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Article |

Water Supplementation of Infants in the First Month of Life

Paula D. Scariati, DO, MPH; Laurence M. Grummer-Strawn, PhD; Sara Beck Fein, PhD
Arch Pediatr Adolesc Med. 1997;151(8):830-832. doi:10.1001/archpedi.1997.02170450080013.
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Objective:  To describe the prevalence of and risk factors associated with regular water supplementation of neonates.

Design:  Evaluation of data from the Food and Drug Administration's Infant Feeding Practices Study, a panel study of US women of fairly high socioeconomic status who were followed up from late pregnancy through their infants' first year of life. The sample was drawn from a nationally distributed consumer mail panel. Each mother was asked whether she gave her neonate water at least 3 times per week.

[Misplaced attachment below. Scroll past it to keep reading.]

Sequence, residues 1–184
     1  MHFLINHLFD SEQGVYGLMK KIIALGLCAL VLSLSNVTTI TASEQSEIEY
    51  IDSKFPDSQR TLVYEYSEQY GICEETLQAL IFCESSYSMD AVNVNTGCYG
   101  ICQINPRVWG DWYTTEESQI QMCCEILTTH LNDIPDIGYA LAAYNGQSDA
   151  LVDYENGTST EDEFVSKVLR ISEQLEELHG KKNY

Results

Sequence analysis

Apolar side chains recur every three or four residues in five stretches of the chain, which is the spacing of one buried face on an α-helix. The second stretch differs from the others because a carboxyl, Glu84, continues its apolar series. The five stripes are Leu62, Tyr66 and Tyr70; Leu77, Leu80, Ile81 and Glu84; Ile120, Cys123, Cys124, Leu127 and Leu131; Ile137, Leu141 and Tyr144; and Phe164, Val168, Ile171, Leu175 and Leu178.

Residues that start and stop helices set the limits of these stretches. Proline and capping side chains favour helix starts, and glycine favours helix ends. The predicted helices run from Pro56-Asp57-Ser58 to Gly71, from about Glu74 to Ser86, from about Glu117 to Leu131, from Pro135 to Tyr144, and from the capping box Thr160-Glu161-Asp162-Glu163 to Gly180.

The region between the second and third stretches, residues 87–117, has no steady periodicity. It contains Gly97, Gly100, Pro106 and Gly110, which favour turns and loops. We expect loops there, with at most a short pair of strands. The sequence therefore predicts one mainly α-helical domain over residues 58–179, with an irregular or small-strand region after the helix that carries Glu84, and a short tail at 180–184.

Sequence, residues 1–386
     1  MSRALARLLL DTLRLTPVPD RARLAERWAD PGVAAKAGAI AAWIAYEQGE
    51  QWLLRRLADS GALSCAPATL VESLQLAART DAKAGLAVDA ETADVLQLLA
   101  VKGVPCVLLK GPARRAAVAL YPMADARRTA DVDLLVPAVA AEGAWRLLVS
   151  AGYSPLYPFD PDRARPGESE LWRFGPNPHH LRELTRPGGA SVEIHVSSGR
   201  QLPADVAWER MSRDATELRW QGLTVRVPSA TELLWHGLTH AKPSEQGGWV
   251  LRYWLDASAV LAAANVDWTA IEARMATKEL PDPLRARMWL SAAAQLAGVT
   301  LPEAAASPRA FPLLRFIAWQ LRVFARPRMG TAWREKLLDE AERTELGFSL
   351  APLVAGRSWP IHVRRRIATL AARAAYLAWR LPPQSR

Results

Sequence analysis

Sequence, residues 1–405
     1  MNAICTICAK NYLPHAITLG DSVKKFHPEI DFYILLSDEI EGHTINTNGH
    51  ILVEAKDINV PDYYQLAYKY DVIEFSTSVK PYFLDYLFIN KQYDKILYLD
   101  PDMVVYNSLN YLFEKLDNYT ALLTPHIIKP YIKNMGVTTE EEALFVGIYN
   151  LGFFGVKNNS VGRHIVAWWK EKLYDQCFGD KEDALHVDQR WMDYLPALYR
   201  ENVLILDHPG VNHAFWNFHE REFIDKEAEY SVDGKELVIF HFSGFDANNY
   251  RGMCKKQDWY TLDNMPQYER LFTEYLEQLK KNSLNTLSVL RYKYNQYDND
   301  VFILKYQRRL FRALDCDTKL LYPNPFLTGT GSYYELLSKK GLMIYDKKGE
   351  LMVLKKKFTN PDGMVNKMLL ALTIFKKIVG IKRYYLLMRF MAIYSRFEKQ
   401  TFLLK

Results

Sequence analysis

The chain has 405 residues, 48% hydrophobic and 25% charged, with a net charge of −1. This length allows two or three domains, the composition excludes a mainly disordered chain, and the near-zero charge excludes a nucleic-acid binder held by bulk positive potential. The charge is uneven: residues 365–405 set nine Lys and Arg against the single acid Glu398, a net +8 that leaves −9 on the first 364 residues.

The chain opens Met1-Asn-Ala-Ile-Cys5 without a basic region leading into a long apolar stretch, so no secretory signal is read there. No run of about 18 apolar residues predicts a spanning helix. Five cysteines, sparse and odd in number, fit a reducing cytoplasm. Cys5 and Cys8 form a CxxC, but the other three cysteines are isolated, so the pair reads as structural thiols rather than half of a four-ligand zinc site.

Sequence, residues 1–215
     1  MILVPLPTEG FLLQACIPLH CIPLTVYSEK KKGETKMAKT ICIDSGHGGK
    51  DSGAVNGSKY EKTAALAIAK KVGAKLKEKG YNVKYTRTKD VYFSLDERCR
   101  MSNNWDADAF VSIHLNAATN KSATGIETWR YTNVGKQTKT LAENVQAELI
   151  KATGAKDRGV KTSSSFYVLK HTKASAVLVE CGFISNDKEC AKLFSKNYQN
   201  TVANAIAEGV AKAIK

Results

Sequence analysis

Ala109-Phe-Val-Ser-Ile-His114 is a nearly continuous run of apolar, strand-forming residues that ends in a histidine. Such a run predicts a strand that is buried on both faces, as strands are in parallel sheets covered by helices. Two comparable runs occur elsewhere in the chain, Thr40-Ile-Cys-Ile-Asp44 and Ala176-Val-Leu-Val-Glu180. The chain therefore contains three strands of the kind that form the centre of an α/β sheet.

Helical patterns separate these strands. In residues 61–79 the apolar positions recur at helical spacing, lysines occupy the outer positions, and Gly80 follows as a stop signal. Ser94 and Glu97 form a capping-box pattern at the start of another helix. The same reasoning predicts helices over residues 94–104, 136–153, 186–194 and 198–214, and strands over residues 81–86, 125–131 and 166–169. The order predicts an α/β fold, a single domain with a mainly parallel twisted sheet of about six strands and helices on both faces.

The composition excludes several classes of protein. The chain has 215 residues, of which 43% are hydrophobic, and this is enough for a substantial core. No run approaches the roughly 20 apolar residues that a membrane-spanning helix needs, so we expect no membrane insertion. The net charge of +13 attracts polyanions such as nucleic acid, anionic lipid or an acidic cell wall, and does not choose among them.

Participants:  A total of 1677 mothers of infants who were neonates in April through November 1993.

Main Outcome Measures:  Percentages of mothers who gave their neonates water at least 3 times a week, considering infant feeding status, mother's education, and family income.

Results:  About one fourth (24.7%) of the mothers reported giving their neonates water at least 3 times per week. Stratification by feeding practices and socioeconomic factors revealed that 41.6% of mothers who formula-fed their neonates, 47.4% of mothers with less than a high school education, and 35.4% of mothers with an annual family income less than $22 500 gave their neonates water at least 3 times per week.

Conclusions:  Water supplementation of neonates was a prevalent practice in this cohort of women. Feeding practices, maternal education, and family income were all significant risk factors associated with this behavior.Arch Pediatr Adolesc Med. 1997;151:830-832


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